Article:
Where Remple Lane meets the A614 turn left and just before the next junction and the Hatfield Working Men's Club (GR678086) go right at the footpath sign to the village recreation ground. Pass the new Village Hall on your left and keep on ahead along the track at the side of the football field emerging at a bend in a lane (GR676090). Go ahead, passing Slay Pitts Farm on the left, to reach a T junction. Go straight across Epworth Road to the wide clear track opposite. Follow this, turning left, right and then left on to a track to the A614 with the M18 beyond.

Turn right along the road and just before the prison on the right turn left to cross the motorway on a farm bridge. After crossing the bridge turn right on the track towards the M18/M180 intersection.As the track begins a left curve round the intersection turn onto the track coming in from the left and follow this to a crossroads of tracks (GR106664).Turn right and as the track approaches a pumping station with another track coming in from the right bear left alongside the pumping station. As the Stainforth pit spoil heap looms ahead.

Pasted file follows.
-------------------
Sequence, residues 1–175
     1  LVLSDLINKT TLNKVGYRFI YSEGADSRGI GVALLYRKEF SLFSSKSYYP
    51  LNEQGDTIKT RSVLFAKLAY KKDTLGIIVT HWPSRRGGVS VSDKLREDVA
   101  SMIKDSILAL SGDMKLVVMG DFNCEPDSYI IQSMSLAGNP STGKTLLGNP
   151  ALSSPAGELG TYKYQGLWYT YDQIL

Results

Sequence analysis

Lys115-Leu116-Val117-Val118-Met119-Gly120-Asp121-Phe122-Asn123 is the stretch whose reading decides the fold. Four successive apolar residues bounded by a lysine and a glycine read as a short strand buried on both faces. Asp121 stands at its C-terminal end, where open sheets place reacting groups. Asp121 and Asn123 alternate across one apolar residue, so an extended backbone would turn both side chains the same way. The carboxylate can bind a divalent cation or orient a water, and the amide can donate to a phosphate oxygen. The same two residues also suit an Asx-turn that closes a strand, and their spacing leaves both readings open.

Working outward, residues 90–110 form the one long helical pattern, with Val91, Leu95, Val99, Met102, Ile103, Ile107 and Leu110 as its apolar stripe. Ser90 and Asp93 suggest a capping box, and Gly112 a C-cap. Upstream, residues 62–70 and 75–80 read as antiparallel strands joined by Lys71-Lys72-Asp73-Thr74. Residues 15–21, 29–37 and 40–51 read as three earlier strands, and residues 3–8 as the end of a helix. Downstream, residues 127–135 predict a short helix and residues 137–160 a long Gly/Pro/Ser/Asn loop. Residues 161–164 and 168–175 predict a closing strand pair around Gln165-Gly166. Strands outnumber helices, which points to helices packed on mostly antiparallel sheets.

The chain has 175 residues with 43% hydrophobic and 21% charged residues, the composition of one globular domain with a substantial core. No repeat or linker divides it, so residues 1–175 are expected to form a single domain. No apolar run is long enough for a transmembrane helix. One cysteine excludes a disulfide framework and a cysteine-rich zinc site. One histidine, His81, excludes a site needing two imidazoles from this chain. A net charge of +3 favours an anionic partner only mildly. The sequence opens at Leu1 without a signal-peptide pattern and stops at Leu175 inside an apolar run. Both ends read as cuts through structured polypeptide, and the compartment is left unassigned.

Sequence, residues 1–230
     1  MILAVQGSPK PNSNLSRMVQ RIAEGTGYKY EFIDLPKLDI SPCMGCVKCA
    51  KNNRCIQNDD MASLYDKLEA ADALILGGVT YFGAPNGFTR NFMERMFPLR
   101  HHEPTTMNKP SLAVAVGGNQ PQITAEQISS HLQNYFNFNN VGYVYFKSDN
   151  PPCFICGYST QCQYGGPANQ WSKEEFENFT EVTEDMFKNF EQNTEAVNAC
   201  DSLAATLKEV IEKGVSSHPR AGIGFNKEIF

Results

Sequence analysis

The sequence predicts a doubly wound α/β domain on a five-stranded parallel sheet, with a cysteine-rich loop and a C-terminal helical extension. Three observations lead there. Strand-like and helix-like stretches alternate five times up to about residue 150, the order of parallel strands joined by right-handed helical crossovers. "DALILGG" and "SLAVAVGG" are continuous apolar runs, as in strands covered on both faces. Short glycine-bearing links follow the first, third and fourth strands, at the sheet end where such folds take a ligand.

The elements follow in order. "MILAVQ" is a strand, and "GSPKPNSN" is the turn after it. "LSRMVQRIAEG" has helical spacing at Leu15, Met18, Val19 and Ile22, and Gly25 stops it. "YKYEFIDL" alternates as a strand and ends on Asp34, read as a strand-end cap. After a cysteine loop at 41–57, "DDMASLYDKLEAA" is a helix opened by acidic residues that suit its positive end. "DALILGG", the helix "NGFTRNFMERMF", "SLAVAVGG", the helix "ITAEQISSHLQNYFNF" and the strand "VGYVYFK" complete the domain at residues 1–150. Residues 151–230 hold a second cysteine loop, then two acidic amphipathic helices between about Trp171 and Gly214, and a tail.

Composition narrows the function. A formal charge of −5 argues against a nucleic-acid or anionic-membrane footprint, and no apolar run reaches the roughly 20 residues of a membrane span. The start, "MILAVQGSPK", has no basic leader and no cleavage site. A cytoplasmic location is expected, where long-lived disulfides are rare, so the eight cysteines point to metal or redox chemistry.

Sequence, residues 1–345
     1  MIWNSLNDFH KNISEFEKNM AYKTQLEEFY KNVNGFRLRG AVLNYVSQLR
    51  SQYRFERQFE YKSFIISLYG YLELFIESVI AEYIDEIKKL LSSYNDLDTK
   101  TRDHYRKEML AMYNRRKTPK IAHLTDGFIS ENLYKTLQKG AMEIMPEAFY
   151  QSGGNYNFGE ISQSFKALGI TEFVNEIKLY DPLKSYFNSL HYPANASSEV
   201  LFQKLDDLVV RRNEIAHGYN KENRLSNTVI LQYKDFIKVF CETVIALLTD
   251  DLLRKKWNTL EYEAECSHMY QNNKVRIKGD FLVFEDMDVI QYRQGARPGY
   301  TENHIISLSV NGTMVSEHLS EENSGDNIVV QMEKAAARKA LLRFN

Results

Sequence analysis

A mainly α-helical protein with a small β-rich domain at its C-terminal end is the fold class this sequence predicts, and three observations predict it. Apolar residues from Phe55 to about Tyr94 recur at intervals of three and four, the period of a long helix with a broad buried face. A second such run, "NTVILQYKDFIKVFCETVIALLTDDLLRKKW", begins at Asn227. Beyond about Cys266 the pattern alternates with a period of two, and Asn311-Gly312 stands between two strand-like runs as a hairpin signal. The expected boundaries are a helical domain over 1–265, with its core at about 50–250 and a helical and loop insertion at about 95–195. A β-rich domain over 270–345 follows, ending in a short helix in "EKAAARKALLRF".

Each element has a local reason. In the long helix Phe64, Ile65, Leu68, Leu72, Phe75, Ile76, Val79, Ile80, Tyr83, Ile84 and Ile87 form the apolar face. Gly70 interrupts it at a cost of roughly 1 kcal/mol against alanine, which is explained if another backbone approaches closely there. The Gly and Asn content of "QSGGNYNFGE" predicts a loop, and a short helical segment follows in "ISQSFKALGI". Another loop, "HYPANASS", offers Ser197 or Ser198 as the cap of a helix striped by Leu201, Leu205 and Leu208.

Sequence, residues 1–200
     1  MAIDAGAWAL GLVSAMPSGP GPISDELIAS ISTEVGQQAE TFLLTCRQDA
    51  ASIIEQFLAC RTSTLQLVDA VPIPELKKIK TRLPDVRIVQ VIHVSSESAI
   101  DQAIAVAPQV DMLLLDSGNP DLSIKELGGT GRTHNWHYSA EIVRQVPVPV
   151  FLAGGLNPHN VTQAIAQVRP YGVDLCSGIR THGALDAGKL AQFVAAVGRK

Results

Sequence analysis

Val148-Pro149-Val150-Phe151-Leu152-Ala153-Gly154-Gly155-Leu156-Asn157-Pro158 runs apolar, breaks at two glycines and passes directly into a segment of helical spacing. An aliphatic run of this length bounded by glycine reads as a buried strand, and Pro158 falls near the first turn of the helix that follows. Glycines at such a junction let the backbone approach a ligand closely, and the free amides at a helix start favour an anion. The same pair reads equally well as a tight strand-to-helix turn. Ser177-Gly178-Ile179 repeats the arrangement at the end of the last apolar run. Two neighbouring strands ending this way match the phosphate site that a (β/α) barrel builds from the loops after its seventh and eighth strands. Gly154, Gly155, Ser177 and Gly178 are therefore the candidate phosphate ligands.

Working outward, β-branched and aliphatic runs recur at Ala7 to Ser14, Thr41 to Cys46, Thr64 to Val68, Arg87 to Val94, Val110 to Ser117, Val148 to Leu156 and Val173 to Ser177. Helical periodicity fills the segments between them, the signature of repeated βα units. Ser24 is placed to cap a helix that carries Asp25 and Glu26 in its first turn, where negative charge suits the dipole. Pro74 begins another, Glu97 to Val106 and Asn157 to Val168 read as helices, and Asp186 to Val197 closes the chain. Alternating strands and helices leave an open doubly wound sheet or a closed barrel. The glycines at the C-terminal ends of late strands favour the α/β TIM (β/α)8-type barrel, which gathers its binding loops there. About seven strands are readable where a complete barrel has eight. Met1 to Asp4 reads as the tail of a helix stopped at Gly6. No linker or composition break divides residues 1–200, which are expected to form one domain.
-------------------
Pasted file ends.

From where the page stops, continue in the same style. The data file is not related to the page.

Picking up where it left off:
PERMANENT ROUTE DIVERSION. Following a major slip in 2013 the tip has been reconstructed and the original route diverted. After crossing the railway bridge turn immediately right and proceed north-eastwards for about 500m then turn sharp left returning westwards for a further 500m before reaching Kirton Lane.

Turn left towards Stainforth.. The official route continues along the road into Stainforth. After passing St Marys Church on the left turn right towards the Stainforth and Keadby Canal and River Don.